The author of this article, Mark Pennington, has written the assessment-based Grammar, Usage, Mechanics, Spelling, and Vocabulary (Teaching the Language Strand) Grades 4-8 programs to teach the Common Core Language Standards. Each full-year program provides 56 interactive grammar, usage, and mechanics lessons. (Check out a seventh grade teacher teaching the direct instruction and practice components of these lessons on YouTube.) The complete lessons also include sentence diagrams, error analysis, mentor texts, writing applications, and sentence dictation formative assessments with accompanying worksheets (L.1, 2). Plus, each grade-level program has weekly spelling pattern tests and accompanying spelling sort worksheets (L.2), 56 language application opener worksheets (L.3), and 56 vocabulary worksheets with multiple-meaning words, Greek and Latin word parts, figures of speech, word relationships with context clue practice, connotations, and four square academic language practice (L.4, 5, and 6). Comprehensive biweekly unit tests measure recognition, understanding, and application of all language components.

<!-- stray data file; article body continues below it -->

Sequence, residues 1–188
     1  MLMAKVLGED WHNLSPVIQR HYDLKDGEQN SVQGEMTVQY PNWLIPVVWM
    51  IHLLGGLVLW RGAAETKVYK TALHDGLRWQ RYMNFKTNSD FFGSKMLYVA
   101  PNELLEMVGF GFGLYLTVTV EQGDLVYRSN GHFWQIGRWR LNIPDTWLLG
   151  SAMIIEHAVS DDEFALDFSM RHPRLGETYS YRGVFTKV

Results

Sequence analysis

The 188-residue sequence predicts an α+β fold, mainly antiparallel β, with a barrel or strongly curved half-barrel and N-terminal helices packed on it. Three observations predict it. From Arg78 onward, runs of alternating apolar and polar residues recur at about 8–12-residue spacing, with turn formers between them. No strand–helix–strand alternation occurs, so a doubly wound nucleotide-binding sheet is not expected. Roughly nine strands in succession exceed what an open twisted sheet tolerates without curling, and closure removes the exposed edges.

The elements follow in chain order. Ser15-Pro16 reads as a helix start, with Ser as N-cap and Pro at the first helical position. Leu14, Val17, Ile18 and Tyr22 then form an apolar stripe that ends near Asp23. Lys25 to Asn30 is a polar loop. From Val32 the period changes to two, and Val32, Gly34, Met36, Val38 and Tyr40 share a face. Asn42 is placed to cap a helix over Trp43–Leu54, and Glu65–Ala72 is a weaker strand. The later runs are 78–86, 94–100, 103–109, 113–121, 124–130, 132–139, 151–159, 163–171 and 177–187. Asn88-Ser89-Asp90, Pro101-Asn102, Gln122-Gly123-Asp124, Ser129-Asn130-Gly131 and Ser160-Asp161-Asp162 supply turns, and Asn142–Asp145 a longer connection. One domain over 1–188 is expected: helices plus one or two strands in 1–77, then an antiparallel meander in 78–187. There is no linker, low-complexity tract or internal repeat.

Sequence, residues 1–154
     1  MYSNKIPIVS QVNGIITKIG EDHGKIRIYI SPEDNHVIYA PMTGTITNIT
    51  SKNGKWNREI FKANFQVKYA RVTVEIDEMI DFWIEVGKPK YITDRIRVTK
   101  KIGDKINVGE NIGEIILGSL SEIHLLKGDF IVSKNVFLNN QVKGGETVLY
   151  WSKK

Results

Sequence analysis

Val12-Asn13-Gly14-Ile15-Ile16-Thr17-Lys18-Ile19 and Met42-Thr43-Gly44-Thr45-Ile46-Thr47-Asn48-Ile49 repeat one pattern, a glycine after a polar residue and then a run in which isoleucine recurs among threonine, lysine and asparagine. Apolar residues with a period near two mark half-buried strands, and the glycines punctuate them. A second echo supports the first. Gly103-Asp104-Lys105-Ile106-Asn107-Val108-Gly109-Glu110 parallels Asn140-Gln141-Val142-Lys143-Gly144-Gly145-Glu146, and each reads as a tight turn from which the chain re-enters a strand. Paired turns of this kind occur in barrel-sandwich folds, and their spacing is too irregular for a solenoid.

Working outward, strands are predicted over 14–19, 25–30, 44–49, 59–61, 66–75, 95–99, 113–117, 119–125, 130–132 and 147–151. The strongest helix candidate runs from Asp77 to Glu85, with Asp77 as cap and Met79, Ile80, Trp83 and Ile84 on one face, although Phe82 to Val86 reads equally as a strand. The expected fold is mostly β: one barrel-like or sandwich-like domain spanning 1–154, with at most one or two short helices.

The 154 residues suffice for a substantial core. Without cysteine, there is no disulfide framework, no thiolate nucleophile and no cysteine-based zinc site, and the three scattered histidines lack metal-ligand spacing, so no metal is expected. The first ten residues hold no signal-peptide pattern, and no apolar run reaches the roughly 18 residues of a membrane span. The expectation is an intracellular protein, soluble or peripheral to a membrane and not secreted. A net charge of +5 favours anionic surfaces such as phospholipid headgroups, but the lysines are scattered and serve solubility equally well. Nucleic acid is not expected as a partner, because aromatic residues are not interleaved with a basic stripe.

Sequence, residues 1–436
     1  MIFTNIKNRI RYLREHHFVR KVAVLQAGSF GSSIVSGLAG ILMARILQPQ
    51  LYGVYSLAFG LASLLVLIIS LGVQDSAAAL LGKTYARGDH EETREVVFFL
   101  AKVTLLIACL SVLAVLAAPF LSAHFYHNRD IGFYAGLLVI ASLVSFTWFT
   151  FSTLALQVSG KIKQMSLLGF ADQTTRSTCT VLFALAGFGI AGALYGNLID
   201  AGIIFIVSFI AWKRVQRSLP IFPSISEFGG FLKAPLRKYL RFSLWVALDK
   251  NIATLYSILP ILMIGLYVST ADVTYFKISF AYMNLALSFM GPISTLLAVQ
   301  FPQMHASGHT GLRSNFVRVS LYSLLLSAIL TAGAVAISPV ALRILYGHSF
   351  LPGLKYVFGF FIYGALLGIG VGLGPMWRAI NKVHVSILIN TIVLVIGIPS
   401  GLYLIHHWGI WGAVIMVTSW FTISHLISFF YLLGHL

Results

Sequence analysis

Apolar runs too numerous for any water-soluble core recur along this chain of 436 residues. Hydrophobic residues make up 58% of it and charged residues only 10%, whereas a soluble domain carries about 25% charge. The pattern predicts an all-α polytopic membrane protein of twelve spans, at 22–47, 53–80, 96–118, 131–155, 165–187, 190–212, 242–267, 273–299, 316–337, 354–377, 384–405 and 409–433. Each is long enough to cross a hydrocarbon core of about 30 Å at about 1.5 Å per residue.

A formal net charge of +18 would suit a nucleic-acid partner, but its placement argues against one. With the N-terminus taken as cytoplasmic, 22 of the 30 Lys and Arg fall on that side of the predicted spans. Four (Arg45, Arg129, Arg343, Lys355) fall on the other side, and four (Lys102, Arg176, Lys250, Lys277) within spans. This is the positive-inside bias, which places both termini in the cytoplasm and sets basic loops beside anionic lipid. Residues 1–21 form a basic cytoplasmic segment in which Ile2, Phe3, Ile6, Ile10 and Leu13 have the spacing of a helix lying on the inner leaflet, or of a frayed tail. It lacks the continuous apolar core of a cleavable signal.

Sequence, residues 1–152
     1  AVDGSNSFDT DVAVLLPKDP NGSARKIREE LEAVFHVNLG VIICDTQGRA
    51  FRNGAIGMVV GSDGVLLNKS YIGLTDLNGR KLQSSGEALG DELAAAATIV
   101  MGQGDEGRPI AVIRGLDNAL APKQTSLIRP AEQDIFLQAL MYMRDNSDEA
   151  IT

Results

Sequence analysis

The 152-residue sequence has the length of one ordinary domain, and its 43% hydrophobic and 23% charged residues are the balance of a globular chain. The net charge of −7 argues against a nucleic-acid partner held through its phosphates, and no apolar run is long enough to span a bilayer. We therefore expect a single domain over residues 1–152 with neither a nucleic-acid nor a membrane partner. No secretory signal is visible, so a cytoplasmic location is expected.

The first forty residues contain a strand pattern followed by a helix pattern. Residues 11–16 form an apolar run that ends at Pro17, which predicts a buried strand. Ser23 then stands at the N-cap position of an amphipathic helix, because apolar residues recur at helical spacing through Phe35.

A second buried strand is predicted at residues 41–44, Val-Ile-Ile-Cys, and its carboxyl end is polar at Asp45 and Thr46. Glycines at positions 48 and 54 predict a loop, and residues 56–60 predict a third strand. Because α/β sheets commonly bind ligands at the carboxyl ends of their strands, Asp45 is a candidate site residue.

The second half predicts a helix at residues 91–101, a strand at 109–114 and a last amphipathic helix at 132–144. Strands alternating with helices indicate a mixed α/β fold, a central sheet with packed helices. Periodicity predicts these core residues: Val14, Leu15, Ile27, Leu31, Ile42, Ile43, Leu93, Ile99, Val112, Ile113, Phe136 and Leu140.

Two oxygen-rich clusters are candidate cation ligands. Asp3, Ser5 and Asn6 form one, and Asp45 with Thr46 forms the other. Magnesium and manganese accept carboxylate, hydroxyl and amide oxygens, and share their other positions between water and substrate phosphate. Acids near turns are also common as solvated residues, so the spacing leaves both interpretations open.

Grammar, Usage, Mechanics, Spelling, and Vocabulary (Teaching the Language Strand) also has the resources to meet the needs of diverse learners. Diagnostic grammar, usage, mechanics, and spelling assessments provide the data to enable teachers to individualize instruction with targeted worksheets. Each remedial worksheet (over 200 per program) includes independent practice and a brief formative assessment. Students CATCH Up on previous unmastered Standards while they KEEP UP with current grade-level Standards. Check out PREVIEW THE TEACHER’S GUIDE AND STUDENT WORKBOOK  to see samples of these comprehensive instructional components.